The Weight Of Measuring Up

Friday, January 27, 2017

I always say that in nearly every situation imaginable, most people are the rule, not the exception. That's usually true, except when we're talking about me.
Just kidding. Gotcha though! You almost believed me. I know you did, 'cause I'm the girl who introduces myself to people as "Hi! I'm Channing, and I'm awesome."

Photo Credit: Emily Knight, By Emily Photography
Truth is, I am not exceptional or extraordinary. I am one of millions; a faceless, nameless member of the masses. That is a little discouraging to me. In my mind I am always prefaced with the word "just". As in, "only".
I'm just another middle class white girl from the suburbs of Las Vegas. I'm just one of the thousands of Mormon girls who went to college to get her Mrs. degree. I'm just a wife. Just a mom.
Just. Only.
Part of me wants to fight against the numbers, to scream out, "Look at me! I am special! I can do great things! I want to matter too." But I feel lost in the sea of voices, Facebook posts, and protest signs screaming the same thing.
I wanted for a long time to be someone. Being, as in having written an amazing book that helped a whole bunch of people. As if having the introduction of "Channing Parker, best-selling author of the amazing book Average Advice From A Know-It-All" instead of my usual go-to intro of awesomeness was what would make me into being... alive? Having arrived? Would that finally make me "someone"?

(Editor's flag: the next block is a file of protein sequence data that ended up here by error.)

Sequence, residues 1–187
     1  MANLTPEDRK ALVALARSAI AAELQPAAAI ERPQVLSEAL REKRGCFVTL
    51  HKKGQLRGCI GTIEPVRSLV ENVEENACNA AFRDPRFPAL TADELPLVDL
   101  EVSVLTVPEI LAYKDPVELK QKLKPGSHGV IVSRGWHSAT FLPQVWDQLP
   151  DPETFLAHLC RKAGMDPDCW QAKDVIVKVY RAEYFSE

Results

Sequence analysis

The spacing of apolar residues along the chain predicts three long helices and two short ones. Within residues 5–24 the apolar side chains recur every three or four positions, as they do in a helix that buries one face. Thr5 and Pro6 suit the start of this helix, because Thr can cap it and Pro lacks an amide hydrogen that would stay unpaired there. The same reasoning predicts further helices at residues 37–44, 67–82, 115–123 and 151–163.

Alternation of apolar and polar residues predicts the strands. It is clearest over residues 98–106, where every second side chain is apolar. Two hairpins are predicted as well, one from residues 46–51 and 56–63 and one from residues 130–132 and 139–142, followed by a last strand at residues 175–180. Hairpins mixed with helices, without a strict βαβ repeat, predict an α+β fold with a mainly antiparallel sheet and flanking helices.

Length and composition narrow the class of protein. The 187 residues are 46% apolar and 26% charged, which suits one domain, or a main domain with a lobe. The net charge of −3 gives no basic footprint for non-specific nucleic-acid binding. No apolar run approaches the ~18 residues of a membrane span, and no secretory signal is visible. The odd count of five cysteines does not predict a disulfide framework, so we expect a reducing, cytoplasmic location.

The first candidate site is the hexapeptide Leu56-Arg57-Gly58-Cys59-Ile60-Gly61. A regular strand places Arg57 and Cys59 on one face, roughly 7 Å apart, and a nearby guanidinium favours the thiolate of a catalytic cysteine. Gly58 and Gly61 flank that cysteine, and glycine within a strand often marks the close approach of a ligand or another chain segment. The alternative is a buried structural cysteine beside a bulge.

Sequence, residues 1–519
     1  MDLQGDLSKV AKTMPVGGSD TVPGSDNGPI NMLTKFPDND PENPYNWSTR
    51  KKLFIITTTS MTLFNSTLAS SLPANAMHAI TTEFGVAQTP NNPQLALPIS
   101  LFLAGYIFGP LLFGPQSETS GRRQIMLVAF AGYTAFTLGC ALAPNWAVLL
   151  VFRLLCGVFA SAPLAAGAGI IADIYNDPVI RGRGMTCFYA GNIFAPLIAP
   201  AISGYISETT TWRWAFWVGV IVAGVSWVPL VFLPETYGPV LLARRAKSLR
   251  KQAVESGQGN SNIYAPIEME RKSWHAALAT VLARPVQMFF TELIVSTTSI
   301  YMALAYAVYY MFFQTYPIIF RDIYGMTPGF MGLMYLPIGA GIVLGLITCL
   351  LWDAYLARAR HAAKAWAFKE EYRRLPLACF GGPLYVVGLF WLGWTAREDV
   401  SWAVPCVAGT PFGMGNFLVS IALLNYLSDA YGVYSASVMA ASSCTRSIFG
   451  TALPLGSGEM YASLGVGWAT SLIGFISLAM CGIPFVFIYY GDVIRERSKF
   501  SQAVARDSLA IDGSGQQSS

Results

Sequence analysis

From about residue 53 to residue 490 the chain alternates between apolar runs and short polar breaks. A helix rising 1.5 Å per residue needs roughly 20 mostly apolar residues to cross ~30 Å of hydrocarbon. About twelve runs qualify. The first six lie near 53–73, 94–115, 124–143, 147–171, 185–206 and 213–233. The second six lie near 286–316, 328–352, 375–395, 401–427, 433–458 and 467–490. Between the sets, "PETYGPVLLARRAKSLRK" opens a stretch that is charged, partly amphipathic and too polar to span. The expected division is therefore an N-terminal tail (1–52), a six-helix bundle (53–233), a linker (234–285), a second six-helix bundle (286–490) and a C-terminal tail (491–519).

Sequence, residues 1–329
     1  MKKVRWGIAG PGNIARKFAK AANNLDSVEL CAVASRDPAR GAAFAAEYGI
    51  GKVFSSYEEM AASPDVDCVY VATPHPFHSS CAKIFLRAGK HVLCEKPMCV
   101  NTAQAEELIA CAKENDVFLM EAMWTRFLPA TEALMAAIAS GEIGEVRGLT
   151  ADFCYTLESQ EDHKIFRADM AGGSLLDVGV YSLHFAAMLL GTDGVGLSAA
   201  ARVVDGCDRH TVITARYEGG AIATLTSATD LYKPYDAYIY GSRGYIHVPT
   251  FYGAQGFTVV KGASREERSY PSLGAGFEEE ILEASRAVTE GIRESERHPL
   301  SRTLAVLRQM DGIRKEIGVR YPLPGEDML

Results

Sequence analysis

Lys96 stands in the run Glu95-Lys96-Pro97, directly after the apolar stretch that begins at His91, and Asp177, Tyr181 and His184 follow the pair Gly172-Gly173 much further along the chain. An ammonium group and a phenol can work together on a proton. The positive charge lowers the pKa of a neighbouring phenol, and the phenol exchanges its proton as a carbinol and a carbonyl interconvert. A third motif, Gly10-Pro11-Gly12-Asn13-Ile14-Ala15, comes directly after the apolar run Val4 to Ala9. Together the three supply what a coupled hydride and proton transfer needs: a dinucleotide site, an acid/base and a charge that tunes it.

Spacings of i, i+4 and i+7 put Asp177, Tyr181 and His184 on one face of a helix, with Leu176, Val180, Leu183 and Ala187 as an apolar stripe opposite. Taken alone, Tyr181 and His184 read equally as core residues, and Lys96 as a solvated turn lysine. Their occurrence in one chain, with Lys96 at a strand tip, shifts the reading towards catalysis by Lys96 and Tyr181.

I have an average life. I live in an average apartment in an average city with average people. On the bathroom scale of life, what I do, say, and write has minuscule impact.
Have you ever tried to weigh a pound of apples on a bathroom scale? It doesn't work. If your scale is like mine, it doesn't even register the weight. I don't know why, probably something math and science-y like minimum weight requirements and distribution of mass, but my point is a bathroom scale doesn't weigh apples properly.
That's why there are kitchen scales. Kitchen scales will measure apples properly because they are better equipped to quantify the amount of space those apples take up.

I have been measuring myself on the wrong scale.
The world is a big, fat, nasty bathroom scale. When I step up there with my social media selfies and Facebook posts full of perspectives, it registers a big 'ole ZERO because the world as a whole does not care about me. I am just another Fuji in the orchard.
The people in my life - my husband, kids, parents, siblings, family, and friends - those people are kitchen scales. They measure my impact properly because they can see the subtle, beautiful ways I take up space. They see me cooking meals for sick friends. They see me changing diapers and doing the dishes. They see me loving. They feel it. That is impact.
If you feel like your bathroom scale says zero, don't lose heart. Listen to the kitchen scales and you will always measure up.
© Channing B. Parker. Design by FCD.